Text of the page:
3. The success of the job should be completely predictable, i.e., it should be a zero-risk job, from the standpoint of outcome risk-to-reward ratios and probabilities. Since God is absolutely omniscient, a successful outcome should be 100% predictable and guaranteed, otherwise it would be pointless or a potential compromise (if the success were only partial or otherwise limited).
But since God is quite unlike Sisyphus, who was condemned by the gods to pointlessly and eternally roll a rock up a hill only to watch it roll back, such pointless or even partial results would be incompatible with God’s perfection. Hence, the job should be both a sure thing to get and an equally sure thing to pull off completely successfully.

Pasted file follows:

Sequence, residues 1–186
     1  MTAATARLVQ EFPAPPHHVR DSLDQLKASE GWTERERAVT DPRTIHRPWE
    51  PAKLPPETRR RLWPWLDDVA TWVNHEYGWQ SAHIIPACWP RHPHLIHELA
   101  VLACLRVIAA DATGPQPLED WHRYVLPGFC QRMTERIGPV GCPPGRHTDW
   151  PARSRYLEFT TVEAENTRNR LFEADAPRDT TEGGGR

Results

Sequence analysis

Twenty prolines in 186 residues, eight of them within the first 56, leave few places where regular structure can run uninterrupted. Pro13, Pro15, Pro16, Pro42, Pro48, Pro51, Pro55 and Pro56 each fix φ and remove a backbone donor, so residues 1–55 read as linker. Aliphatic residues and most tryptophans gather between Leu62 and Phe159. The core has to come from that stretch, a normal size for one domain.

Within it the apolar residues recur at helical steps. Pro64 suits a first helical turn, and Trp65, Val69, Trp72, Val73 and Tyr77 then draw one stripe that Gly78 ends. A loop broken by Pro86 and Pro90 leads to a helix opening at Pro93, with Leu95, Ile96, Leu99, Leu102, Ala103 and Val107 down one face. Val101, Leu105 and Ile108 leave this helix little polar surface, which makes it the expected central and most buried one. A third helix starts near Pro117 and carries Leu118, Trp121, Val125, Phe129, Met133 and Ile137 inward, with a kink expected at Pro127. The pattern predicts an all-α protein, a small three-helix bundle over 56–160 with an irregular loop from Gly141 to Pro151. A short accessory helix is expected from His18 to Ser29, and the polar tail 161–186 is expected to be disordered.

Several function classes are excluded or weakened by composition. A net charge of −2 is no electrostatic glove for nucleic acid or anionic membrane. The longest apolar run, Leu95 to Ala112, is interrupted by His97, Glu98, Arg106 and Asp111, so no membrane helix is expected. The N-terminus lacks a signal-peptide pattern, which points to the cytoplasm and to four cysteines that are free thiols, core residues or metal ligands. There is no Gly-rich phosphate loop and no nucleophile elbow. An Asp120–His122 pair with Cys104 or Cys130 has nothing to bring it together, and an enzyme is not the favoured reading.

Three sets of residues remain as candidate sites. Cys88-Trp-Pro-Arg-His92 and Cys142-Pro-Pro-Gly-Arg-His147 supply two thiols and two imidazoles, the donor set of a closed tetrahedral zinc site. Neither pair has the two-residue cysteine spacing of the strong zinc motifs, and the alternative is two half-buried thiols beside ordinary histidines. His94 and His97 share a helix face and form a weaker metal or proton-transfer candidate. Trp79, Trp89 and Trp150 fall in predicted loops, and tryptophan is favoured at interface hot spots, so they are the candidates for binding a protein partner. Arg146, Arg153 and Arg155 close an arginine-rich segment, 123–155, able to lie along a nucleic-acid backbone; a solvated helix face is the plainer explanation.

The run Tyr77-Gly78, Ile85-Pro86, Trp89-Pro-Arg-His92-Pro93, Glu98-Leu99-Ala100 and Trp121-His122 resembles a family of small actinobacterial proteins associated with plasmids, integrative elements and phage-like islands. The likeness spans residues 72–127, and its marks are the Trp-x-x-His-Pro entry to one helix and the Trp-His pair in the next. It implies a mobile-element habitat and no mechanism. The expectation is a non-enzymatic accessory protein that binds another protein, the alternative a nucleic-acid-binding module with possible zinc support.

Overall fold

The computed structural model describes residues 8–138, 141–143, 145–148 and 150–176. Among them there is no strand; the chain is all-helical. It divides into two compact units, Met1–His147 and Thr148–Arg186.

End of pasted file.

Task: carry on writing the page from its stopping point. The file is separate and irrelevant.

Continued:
4. The job won’t be tiring. The Biblical notion of God’s resting on the seventh “day” is entirely at odds with God’s omnipotence. Omnipotent beings don’t fatigue. Divine rest on the Sabbath was probably just a case of role-modeling and encouragement for humans obliged to observe the Sabbath through worship (which requires not working) and a small reprieve from the curse of labor (in both senses) imposed upon Adam and Eve after their expulsion from the Garden of Eden .
5. Any boredom associated with utterly predictable job results will be offset by the enjoyable processes of creating, designing and executing the job. This makes the perfect job an example of the principle that says, “It’s the journey, not the destination, that counts.”